For a long time, businessmen have wondered what would happen if a catastrophe of global magnitude were to occur, and how to improve the continuity of their business. That situation has already arrived through COVID-19. In an effort to move forward, Aaron Rodriguez, an expert in business optimization, explains how Panama’s SMEs can find a solution through labor digitization.
The current situation in which the whole world has been immersed by the pandemic has had great repercussions in many aspects. The labor sector has been one of the most affected.
Due to the situations of confinement and mobility restrictions of citizens, the digital transformation of companies has become very important, since this business digitalization covers different aspects that can respond to the problems that have arisen from these exceptional situations.
Many were probably not prepared to face this type of situation, which should make them reflect on how they should observe their environment to anticipate any positive or negative situation that may arise. “Technological advances have a high impact on organizations, regardless of the economic sector in which it is developed. This allows SMEs to respond in a timely manner according to the speed of the environment,” said Rodriguez.
The environment is constantly changing, full of uncertainties such as those we are currently experiencing. Still, it can also be conceived as an opportunity to reinvent ourselves, to be agile, creative, adaptable, and able to anticipate the needs of our customers and partners.
It is, therefore, necessary to rethink how things are being done and where trends are leading us. For SMEs in Panama, this means a great opportunity because they can take advantage of the size they have (micro, small and medium) as it allows them to obtain greater flexibility and thus anticipate in a timely manner what the market demands and the needs of the collaborator.
First of all, establish a work schedule. One of the main challenges of teleworking is to know when one should be connected and when not, so it is of utmost importance to set “office hours.” Setting a limit will allow you to optimally divide your time between work and personal activities.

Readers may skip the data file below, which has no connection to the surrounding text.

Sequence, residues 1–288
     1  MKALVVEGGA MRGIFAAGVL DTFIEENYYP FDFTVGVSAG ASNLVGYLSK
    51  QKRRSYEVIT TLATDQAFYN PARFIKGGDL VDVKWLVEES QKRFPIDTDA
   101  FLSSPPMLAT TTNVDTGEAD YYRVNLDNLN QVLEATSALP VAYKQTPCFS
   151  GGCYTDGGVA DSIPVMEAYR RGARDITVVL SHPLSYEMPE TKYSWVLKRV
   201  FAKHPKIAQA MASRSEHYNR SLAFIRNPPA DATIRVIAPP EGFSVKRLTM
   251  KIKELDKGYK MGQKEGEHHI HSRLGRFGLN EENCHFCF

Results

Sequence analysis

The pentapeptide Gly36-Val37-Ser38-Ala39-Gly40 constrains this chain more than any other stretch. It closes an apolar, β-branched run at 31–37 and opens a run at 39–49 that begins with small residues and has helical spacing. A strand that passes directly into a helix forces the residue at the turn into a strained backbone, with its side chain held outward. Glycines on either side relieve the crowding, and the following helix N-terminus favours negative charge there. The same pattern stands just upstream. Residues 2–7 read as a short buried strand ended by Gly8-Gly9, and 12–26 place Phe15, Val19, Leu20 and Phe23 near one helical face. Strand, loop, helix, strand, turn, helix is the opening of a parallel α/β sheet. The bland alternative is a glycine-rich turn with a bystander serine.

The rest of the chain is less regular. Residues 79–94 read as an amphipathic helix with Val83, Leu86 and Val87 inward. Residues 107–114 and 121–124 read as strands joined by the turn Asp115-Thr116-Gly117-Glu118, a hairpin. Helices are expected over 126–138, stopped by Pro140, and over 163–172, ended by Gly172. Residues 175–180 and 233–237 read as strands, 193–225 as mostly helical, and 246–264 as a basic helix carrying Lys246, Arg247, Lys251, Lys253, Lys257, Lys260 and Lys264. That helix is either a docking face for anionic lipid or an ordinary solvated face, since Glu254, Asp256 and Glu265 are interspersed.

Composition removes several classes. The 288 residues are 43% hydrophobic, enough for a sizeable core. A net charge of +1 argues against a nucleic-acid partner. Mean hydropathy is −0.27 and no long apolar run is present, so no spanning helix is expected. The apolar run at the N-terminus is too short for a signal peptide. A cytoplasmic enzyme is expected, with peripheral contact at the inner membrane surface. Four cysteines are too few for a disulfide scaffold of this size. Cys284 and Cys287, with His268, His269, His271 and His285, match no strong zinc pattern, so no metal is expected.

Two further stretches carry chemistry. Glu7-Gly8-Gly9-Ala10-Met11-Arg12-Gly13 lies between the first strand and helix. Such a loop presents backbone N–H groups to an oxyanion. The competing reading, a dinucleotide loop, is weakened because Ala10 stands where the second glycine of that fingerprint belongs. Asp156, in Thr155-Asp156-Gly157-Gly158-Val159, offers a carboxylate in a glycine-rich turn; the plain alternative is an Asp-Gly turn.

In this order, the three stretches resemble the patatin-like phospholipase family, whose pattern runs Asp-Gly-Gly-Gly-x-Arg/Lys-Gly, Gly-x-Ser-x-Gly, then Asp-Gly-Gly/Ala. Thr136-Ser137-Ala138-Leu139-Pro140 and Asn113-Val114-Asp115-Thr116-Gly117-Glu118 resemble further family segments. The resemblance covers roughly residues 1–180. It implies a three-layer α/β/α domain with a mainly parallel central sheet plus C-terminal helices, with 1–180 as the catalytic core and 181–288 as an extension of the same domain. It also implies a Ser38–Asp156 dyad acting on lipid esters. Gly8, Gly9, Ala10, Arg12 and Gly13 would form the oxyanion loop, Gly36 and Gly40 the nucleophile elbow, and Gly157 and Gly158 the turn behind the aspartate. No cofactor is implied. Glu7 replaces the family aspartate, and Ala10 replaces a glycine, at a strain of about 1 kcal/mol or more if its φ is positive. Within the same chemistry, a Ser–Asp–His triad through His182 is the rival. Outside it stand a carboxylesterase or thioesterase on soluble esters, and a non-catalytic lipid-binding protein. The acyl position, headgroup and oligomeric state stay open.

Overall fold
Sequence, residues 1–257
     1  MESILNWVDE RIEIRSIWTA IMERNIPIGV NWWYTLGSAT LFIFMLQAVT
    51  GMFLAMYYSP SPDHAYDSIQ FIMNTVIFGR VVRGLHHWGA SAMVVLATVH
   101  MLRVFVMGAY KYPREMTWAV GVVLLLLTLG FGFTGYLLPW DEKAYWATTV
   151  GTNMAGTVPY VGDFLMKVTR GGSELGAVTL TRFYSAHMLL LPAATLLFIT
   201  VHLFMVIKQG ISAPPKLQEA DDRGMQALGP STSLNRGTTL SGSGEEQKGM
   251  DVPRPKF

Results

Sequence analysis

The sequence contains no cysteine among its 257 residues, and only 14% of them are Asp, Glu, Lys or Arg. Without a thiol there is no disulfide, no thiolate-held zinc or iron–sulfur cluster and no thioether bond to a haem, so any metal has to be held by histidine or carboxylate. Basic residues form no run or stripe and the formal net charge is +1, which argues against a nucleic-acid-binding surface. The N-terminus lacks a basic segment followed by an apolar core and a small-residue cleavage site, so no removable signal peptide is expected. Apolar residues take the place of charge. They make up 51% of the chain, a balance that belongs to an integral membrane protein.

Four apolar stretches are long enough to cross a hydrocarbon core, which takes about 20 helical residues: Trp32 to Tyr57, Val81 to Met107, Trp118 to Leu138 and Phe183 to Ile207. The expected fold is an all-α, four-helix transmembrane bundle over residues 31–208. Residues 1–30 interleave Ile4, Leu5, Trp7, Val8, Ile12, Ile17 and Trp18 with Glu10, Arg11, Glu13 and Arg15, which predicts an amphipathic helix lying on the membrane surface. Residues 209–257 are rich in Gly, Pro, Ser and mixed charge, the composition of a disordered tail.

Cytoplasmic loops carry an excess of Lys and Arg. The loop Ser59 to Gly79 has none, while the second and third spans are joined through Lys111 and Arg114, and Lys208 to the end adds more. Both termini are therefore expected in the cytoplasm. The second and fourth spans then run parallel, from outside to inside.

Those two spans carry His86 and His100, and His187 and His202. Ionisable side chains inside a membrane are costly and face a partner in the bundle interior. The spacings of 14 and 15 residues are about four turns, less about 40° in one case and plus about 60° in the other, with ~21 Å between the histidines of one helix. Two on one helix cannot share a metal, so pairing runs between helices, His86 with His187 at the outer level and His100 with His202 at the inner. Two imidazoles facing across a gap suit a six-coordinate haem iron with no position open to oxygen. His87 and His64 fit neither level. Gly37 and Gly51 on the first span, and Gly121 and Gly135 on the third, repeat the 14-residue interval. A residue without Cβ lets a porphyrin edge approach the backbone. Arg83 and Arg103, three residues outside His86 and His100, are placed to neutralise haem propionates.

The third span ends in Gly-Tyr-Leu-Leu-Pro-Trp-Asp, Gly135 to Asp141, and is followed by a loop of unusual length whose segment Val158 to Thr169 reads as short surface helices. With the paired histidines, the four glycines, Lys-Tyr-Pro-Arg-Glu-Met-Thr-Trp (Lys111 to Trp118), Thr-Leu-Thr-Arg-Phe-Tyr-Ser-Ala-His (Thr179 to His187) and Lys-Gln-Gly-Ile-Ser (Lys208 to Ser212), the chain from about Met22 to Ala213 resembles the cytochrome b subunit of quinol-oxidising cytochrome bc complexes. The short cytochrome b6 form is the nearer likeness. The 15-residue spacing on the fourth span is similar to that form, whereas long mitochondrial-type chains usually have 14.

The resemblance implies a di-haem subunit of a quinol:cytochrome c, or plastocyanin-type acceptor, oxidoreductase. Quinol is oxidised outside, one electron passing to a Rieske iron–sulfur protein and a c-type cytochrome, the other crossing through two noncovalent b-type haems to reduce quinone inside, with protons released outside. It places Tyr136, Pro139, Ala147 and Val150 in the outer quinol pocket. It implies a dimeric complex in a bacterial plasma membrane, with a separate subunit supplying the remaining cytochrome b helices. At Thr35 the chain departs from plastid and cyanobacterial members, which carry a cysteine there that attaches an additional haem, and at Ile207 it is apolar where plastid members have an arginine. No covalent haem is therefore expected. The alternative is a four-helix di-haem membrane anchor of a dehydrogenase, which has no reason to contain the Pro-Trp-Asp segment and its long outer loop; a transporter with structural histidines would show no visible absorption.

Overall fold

Remember, when you are working and you receive a call from a friend or an unexpected visit from a family member, try to respectfully let them understand that you are working and that you will be available for them at another time.
Divide your week into goals. Clear goals will allow for successful results. Define with your direct leader the activities that will contribute to the fulfillment of the objectives and organize the weekly tasks based on this. In addition, it is recommended to have a premeditated time on the agenda for those day-to-day activities that were not foreseen. With a good organization, time will no longer be “a problem.”
Make an analysis of your activities. Once an employee has chosen to work from home, it is necessary to evaluate his or her work periodically (weekly or monthly, depending on the objectives). This last key is essential to detect both the shortcomings and the achievements of the activity carried out and thus be able to enhance the weaknesses that have been incurred.
Although everything will depend on the physical space that each person has at home, it is important that the tasks are not done from the bed or in the kitchen, but try to find a space of your own, free of distractions and as comfortable as possible,” suggests Rodriguez. “If you don’t have an “extra room” try to organize your work tasks at times when there are few people in the home and therefore fewer distractions.”
And finally, learn to set boundaries. Don’t be annoyed when people around you think that, because you work at home, it means that you will always be available. Explain to friends, family, and other acquaintances that the days you telecommute are not opportunities for non-work-related activities. Show the same consideration for your telecommuting time as you would if you were in the office.
“This reality means that digitalization, especially in a globalized healthcare crisis, has ceased to be an option or a fad and has become a necessity that, for many small and medium-sized companies, is a challenge. However, it is necessary to change the mentality and see a digital transformation not as an expense, but as an investment, which in addition to generating profitability, can be essential in the survival of a company in crisis situations like the current one,” concludes Rodriguez.